By Eliana Dockterman
March 26, 2015

Dartmouth College said it is investigating its Alpha Delta chapter for branding the skin of new members. If found guilty, the chapter could be suspended or lose recognition by the college permanently.

A group of pledges for the fraternity that inspired the film Animal House (1978) say they voluntarily agreed to be branded, a lawyer for the chapter, George Ostler, told Bloomberg Business. The permanent marks were “a form of self-expression, similar to body piercing or tattoos,” he said. “The facts are that no hazing occurred. No one has been injured by this activity.”

This is far from Alpha Delta’s first infraction on the Dartmouth campus, the report adds. Within the last two years, the chapter has been fined for serving alcohol to minors, publicly apologized after hosting a “Crips and Bloods Party” and had one of its members admit to urinating on a woman from the frat’s balcony. The fraternity is currently suspended for violating drinking-related campus rules.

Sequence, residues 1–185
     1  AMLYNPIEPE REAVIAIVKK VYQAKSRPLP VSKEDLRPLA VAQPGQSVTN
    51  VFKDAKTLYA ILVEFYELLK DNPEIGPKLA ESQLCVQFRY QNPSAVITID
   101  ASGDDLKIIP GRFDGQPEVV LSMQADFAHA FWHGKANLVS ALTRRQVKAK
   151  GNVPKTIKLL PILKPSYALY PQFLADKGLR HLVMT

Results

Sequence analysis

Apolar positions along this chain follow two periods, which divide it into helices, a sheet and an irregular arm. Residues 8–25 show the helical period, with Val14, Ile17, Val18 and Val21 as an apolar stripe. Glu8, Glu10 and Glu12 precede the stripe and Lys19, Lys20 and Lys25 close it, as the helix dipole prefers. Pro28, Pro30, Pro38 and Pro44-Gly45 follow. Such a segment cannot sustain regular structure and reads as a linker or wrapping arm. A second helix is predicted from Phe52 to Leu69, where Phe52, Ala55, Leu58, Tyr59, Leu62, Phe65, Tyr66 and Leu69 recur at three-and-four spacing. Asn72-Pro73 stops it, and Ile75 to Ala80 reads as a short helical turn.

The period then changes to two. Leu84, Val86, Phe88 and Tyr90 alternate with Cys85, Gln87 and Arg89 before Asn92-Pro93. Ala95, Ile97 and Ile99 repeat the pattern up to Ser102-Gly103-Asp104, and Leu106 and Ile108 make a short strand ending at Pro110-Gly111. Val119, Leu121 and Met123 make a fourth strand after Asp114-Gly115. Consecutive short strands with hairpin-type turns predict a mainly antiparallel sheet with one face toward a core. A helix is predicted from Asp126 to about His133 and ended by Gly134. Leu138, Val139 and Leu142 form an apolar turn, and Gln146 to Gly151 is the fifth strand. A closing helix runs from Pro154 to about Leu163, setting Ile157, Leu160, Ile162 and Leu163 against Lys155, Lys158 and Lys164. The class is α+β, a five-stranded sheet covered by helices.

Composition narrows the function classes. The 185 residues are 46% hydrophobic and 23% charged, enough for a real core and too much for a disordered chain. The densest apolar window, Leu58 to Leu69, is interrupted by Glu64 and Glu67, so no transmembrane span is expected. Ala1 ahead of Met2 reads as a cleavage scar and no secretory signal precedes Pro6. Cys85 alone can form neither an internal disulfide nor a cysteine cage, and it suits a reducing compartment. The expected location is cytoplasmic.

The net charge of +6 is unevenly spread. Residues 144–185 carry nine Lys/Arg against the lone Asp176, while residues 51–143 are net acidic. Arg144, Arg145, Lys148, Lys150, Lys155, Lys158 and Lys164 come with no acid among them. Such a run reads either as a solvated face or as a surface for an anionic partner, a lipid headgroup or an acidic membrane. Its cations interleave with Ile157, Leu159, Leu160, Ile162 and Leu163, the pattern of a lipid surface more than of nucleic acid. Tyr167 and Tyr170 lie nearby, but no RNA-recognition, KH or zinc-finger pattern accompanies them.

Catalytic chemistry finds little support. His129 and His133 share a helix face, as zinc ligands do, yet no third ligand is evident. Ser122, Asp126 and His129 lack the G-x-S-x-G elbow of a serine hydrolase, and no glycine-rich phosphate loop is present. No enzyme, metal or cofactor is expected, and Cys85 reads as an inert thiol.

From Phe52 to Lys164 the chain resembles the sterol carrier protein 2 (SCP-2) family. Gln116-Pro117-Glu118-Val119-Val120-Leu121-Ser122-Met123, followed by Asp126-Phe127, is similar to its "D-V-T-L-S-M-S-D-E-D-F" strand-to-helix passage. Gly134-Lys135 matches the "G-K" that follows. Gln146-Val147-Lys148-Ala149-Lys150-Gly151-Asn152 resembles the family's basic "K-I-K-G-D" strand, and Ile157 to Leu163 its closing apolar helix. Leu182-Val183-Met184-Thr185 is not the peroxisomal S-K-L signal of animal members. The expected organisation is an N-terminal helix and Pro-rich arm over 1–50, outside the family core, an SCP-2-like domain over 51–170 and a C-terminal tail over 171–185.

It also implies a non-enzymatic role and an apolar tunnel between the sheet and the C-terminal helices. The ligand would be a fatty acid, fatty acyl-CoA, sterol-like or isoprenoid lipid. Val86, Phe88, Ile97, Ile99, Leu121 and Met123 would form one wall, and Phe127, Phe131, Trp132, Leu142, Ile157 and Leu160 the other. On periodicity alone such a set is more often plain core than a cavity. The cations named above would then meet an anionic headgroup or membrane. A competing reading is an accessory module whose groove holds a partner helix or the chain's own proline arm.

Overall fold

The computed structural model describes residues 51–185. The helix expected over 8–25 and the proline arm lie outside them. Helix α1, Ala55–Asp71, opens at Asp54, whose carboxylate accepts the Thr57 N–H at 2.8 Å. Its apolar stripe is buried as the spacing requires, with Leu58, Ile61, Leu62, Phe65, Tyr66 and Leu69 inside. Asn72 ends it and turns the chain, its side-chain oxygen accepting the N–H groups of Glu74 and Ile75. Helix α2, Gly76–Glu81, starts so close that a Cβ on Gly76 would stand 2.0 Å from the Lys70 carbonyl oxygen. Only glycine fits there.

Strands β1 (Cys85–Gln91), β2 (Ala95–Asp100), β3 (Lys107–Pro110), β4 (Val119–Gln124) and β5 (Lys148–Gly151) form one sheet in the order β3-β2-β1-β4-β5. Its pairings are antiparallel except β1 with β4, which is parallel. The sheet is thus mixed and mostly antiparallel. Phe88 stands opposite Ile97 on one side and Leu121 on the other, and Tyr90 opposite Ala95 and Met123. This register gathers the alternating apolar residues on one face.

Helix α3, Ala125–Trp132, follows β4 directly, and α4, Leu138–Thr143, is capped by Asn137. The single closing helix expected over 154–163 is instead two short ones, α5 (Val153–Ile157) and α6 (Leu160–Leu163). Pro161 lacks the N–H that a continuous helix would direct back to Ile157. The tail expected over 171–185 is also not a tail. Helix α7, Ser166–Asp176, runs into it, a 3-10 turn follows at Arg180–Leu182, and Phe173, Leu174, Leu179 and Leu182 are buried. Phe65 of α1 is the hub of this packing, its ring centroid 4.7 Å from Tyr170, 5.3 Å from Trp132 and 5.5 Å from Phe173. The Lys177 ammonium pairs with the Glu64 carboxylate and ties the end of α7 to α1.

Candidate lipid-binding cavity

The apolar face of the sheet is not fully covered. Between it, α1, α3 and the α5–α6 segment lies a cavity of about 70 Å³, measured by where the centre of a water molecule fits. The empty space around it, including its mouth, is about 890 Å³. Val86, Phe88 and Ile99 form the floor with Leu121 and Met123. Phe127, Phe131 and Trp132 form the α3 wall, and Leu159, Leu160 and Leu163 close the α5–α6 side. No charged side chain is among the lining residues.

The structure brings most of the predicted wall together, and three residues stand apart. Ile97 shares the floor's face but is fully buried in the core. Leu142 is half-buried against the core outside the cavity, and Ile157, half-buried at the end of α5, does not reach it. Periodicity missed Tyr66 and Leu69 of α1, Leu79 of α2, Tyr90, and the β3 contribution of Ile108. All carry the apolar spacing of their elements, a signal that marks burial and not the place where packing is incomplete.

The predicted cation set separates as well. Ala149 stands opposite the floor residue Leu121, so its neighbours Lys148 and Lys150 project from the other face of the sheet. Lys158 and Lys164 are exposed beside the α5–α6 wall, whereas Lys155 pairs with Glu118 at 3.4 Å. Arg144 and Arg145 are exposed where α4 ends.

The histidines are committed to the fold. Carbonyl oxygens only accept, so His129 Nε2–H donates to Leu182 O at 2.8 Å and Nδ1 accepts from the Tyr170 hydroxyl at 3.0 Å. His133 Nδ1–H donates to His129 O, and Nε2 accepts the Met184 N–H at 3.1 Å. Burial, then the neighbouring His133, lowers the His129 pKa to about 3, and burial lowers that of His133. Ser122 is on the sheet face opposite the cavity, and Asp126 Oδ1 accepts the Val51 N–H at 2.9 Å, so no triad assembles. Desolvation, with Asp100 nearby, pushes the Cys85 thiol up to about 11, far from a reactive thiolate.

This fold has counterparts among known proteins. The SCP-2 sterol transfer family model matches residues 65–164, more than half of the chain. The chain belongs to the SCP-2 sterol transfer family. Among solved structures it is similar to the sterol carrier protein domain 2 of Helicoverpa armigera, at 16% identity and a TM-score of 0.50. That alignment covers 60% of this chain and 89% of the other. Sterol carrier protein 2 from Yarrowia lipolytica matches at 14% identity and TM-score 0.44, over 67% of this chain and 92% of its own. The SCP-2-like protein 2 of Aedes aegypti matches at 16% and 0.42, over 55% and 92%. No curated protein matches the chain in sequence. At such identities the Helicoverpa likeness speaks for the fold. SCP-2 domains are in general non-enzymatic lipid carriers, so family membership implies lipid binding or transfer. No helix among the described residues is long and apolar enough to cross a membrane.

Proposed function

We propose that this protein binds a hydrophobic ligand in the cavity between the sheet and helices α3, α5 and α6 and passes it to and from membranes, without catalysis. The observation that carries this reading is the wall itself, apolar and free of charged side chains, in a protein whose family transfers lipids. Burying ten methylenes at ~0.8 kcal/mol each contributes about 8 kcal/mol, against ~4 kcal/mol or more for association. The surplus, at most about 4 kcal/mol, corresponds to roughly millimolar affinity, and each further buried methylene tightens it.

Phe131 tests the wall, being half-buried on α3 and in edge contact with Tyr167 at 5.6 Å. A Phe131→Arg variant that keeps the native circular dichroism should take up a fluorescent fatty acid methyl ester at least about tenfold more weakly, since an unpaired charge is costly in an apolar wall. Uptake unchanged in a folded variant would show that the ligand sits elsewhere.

Dartmouth President Philip Hanlon, a former Alpha Delta member, has taken measures to curb the dangerous aspects of greek life on campus. In January, he banned hard liquor. Dartmouth’s Interfraternity Council also recently outlawed any form of pledging due to complaints of abuse. (The branding incident took place before these rules went into place.)

MORE: Fraternities Are Their Own Worst Enemies, Not Drunk Girls

Critics of greek life at Dartmouth have called for a complete overhaul of the fraternity system. Andrew Lohse, a former member of Dartmouth’s SAE fraternity who wrote a book called Confessions of an Ivy League Frat Boy, told TIME last September that many fraternity members at Dartmouth ignored and even joked about school rules. He went on to tie the hazing culture in fraternities with rape culture on college campuses. “When you talk about hazing, nobody is really consenting to it,” he said. “The power dynamic of being coerced to do all these humiliating and sexualized or homoerotic things [during hazing] mirrors this power dynamic that many people would argue occurs when women walk into a fraternity.”

The Dartmouth investigation comes as fraternities across the country face allegations of racism, sexism and hazing. Two Sigma Alpha Epsilon members were suspended at the University of Oklahoma for using racial slurs and referencing lynching in a video. And Penn State is reviewing its Greek system after discovering a Kappa Delta Rho-run Facebook page featured naked or partially nude women who appeared to be passed out.

READ NEXT: Will Ferrell Says Oklahoma Incident an ‘Argument for Getting Rid of’ Frats

[Bloomberg]

Write to Eliana Dockterman at eliana.dockterman@time.com.

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